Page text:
When most people think of the multi-Emmy-winning drama “Hill Street Blues,” their minds instantly flash back to a police garage door rising slowing in the early morning and a squad car emerging with its sirens wailing under the familiar piano-dominated theme from composer Mike Post.
For many TV viewers, the strong opening of this show, and others like it, is more than just a fortuitous combination of visual images and sounds that provides a transition from the product commercials to the beginning of the next program. It is an introduction, an emotional cue, a regular identifier of the show’s themes, content, tone and characters.
“For me, the main title has always really let me know when my show was on,” says score composer and eight-time nominee W.G. “Snuffy” Walden, who’s looking for his first win with a nomination this year for the political drama “The West Wing.” “It called me from the refrigerator, it yelled to me outside, it spoke to me in another room. I knew what was coming next. It was the handle that I related to the show in an auditory fashion.”
While the major networks were once consumed with the idea that one show should blend seamlessly into the next, nearly putting the musical theme to rest in the mid-1990s, filmmakers and creatives have come to understand that the main title music can be directly linked to the success of many shows.
“If you can put together a main title that creates an atmosphere for you to re-experience emotions you’ve had that are associated with watching the show, it’s going to be very powerful,” says Walden, who also composed the theme for “thirtysomething.”
“A successful theme song is one that actually contributes to the integrity of the show,” says Scott Winant, the former supervising producer of “thirtysomething.” “It doesn’t feel like it’s slapped on or added as a second thought. It’s something that’s integral to the tonality of the show. The theme sets the pace and tenor of what you’re about to see.”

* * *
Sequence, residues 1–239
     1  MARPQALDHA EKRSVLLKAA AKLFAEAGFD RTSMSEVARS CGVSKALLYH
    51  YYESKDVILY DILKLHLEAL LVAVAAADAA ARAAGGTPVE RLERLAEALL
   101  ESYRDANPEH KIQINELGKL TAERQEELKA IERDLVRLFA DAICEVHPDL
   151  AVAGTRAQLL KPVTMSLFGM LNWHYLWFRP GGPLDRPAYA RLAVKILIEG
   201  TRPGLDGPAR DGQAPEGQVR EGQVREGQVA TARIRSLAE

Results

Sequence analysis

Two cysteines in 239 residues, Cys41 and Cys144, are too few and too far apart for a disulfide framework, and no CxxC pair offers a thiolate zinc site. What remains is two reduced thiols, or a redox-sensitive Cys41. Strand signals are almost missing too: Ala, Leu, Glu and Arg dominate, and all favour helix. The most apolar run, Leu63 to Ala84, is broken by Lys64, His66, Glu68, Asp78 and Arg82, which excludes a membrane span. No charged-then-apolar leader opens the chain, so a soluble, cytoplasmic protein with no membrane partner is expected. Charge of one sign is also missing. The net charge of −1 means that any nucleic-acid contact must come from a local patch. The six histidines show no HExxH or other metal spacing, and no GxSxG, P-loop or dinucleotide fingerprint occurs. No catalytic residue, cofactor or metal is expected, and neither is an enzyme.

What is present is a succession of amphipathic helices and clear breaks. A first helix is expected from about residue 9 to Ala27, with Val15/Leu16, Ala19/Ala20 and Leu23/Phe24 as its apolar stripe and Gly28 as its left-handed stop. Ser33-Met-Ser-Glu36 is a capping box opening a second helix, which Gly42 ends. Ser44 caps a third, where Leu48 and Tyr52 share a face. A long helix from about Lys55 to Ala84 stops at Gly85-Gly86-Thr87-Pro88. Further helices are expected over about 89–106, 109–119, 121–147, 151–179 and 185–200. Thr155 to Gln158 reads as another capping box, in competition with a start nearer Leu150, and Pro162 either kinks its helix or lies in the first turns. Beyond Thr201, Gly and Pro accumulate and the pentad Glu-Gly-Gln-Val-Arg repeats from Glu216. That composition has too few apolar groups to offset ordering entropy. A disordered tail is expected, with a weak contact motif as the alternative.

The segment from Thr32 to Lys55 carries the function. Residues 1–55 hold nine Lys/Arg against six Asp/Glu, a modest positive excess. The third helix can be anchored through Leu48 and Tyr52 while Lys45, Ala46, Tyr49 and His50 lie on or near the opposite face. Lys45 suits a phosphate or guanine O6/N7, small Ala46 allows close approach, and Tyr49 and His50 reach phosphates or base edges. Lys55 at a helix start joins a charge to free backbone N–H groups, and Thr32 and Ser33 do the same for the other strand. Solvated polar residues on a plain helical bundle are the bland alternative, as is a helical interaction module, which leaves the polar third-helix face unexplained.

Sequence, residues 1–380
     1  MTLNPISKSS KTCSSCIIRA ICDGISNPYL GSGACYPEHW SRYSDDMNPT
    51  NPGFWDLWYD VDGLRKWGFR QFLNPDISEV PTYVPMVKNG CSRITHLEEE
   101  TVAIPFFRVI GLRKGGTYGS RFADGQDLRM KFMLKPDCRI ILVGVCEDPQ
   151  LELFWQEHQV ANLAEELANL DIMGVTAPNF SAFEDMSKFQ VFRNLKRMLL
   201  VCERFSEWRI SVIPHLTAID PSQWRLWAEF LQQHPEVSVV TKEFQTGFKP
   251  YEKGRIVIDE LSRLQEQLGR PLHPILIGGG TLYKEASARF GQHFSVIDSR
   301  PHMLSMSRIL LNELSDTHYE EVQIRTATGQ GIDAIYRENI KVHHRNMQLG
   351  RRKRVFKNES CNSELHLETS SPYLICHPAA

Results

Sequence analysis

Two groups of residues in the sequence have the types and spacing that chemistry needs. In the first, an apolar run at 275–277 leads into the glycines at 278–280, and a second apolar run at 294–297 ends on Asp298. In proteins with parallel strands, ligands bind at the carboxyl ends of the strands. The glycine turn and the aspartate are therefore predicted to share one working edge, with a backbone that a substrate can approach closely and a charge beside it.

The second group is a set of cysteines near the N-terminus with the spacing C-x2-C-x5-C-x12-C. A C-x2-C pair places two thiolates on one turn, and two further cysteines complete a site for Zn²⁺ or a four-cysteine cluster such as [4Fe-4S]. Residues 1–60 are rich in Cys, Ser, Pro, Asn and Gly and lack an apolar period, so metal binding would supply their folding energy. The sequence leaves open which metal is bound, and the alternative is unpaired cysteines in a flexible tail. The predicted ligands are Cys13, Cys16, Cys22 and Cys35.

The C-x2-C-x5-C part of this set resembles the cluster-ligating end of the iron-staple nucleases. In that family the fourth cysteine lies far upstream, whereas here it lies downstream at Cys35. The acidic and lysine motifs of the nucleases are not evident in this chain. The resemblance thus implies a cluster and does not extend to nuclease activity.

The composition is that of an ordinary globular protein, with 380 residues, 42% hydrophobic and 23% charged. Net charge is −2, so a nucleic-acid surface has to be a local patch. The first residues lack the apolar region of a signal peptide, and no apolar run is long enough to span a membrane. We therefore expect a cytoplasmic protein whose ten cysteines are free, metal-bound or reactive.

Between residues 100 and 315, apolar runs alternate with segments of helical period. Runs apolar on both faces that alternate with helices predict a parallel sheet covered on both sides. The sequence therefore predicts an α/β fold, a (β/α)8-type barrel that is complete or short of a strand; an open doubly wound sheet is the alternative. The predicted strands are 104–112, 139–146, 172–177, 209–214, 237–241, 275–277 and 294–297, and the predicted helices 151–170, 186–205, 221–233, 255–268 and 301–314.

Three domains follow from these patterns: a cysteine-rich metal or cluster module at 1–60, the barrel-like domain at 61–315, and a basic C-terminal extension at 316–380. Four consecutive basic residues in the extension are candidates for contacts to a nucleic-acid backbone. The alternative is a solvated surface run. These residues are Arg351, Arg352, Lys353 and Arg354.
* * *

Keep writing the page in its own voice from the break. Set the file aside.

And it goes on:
With an ever-increasing number of channels and programs on cable, digital satellite and broadband systems, the composer has become the all-important link to help executive producers create an easily identifiable and stylistic sound that is both unique to their show and makes the channel surfers put down their remotes — all in a song that may run less than 60 seconds.
Composers working with producers have had to become very competent in turning the creatives’ emotional tone into a musical vocabulary and converting dramatic verbiage into dramatic themes complete with instrumentation.
For the main title theme for “Friends,” exec producers Kevin Bright, David Crane and Marta Kauffman relayed to composers Michael Skloff and Allee Willis that they were looking to introduce six actors to the public and present the theme of the show: growing up in life and finding your way as an adult.
“We told them we wanted a feel that was a little bit retro,” says Bright. “We didn’t want it to be totally contemporary. We wanted it to be in a more pop rock, Beatles kind of vein.”
Obviously, composers have their work cut out for them in this field. And, for the creative team that plays a tune that doesn’t jibe wth the show’s theme, the results can be disastrous.
“You’ve totally destroyed the tone you set and totally confused your audience (if the song doesn’t work),” says Bright. “You’ve put in a real mood-killer when you don’t have a theme song that complements the show.”
“When the stories and music are out of synch, it indicates a lack of vision,” says Winant. “A strong theme that communicates the tone and feeling of what you’re going to put across indicates a solid vision.
John Wells, the co-executive producer of “The West Wing,” agrees.
“If the theme music is wrong, it can leave you in completely the wrong place and can take you pages and pages to catch up with,” says Wells. “Viewers can also listen to just the theme music and decide, ‘You know what, that’s not a show that appeals to me.’
“In the early stages people definitely gauge whether it is something they would be interested in watching by all of the elements that they see or hear when they tune in. It’s very much a part of the branding of the show once the show is successful as well.”